The script of Lowland, made during the war, needed people to play the parts of Spaniards and in 1940, and again in 1941, she used Gypsies from Maxglan concentration camp near Salzburg for these roles. She has always denied going to Maxglan and she brought and won two cases for libel about this. But she is still under suspicion.
On her centenary, the Frankfurt judiciary announced that the Cologne
Gypsies' association had lodged a complaint against her for
impugning the memory of victims of Nazism. In an interview with the
Frankfurter Rundschau this year, she claimed that no Gypsy in Lowland
lost. But, according to the complainants, the Gypsies
had been condemned to forced labour and were deported to Auschwitz,
where many died.
The question is whether Riefenstahl should be allowed to be at
peace. To celebrate her birthday as the climax of her
rehabilitation certainly seems excessive. In 1966, despite
protests from Jewish associations, a retrospective of her films was
organised at the Museum of Modern Art in New York. In 1973 she was
guest of honour at the first feminist film festival at Telluride,
a tribute to her as an artist, not as a
person who might have held political views. Recognition of her genius
as a filmmaker followed. Her book of photographs of Nuba tribes in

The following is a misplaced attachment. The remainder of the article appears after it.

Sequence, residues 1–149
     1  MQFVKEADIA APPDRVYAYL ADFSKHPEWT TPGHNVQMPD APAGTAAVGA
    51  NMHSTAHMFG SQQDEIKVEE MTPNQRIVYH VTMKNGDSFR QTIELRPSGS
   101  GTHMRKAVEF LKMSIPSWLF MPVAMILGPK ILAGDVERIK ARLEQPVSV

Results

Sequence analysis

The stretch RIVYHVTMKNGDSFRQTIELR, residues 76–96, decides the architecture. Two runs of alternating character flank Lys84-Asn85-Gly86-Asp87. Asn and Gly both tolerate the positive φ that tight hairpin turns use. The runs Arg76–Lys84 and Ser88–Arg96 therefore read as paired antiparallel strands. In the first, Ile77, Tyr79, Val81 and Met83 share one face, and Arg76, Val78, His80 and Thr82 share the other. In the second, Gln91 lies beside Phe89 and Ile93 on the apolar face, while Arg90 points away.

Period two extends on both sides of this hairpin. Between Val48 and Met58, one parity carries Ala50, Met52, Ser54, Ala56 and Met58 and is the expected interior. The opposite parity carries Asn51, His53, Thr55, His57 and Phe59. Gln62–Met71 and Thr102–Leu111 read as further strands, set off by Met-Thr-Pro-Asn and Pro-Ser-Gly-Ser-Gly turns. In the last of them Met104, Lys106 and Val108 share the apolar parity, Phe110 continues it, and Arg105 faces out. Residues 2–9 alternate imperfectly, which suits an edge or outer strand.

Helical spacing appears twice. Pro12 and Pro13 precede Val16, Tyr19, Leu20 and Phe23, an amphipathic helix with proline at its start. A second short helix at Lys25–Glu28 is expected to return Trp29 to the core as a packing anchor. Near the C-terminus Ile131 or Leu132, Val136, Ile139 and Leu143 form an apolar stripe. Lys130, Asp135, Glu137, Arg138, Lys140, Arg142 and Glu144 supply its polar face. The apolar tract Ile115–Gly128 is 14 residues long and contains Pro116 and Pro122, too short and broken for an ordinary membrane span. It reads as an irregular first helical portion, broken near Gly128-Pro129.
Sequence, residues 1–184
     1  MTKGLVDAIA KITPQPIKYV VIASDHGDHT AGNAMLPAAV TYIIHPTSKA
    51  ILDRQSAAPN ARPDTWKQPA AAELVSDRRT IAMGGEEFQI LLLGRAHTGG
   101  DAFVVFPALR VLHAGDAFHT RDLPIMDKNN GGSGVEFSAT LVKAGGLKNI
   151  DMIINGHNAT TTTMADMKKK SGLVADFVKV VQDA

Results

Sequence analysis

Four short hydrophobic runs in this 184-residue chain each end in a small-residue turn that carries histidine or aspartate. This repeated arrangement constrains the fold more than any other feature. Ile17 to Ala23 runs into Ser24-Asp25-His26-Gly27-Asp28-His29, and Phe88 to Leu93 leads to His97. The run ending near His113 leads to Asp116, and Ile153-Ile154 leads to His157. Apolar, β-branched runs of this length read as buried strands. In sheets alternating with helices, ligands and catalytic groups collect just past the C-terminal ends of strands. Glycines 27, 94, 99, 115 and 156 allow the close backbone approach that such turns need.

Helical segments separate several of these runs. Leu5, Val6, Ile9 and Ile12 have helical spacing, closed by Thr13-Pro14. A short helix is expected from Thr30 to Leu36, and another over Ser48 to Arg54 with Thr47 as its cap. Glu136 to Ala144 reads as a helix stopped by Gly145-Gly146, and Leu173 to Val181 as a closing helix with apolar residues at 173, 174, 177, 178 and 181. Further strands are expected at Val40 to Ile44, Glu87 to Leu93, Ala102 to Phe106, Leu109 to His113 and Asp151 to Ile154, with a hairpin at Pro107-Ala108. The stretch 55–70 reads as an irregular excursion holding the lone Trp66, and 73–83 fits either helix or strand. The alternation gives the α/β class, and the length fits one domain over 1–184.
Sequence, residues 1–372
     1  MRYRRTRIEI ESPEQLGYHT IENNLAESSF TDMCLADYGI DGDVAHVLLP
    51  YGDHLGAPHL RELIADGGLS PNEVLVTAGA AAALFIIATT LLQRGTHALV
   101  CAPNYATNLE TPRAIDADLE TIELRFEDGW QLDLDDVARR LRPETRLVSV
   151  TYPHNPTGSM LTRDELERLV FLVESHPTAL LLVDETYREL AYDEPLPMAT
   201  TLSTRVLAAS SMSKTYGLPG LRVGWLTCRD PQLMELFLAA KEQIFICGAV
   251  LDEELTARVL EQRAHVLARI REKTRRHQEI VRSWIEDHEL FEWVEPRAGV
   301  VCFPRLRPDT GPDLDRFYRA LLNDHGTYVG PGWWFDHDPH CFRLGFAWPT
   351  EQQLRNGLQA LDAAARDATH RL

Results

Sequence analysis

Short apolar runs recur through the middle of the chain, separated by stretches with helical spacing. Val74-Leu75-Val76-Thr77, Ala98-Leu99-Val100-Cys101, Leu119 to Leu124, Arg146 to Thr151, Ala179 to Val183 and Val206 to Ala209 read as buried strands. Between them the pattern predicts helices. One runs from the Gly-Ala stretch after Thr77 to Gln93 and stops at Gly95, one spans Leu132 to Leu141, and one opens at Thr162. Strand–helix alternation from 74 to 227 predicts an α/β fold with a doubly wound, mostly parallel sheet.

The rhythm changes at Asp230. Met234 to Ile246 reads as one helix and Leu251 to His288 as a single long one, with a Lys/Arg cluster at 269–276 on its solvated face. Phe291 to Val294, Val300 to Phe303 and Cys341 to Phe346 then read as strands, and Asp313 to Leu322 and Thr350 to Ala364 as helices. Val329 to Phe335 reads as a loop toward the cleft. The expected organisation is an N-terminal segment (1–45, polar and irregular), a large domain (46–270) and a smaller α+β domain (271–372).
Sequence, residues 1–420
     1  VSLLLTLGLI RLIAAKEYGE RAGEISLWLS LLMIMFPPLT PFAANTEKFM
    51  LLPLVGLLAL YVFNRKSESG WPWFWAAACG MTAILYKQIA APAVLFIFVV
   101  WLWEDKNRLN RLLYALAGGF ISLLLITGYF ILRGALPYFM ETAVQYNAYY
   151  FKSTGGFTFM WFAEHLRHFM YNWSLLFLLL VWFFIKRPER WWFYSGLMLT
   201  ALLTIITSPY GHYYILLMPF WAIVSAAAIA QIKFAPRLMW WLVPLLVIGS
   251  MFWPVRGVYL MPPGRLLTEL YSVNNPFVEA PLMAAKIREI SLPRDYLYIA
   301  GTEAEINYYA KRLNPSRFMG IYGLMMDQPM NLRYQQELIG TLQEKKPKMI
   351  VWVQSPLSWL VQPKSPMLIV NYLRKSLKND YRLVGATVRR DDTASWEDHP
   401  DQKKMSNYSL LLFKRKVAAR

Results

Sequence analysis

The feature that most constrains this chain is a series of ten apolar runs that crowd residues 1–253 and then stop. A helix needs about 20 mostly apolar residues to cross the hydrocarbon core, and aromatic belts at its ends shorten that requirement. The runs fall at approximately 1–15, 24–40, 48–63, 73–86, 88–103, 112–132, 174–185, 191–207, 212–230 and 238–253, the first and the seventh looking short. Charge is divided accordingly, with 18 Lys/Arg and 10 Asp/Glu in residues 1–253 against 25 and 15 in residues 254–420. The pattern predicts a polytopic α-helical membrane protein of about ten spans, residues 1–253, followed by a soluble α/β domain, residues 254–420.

Sudan was a great success. The American writer, Susan Sontag,
exasperated by the many newspaper articles and television interviews,
denounced her aesthetic approach as fascist.
The Franco-German TV channel, Arte, had already broadcast a three-hour
tribute by Ray Müller to mark her 90th birthday. The channel's
sales catalogue includes six videos, almost 12 hours of film, to
introduce the work of one of the
most important and controversial
figures in the history of cinema. In August viewers in France were
offered a special programme put together by Alexander Bohr for the
German channel ZDF.
Seeing that Riefenstahl's records had a file on the Gypsies in
Lowland, the interviewer, Sandra Maischberger, asked why she kept all
these papers, and was told
because there have also been bad things
in my life. Was this a confession of guilt? No. She was simply
referring to the inconvenience of being obliged to fight a lawsuit
against people she considered had slandered her. That was all the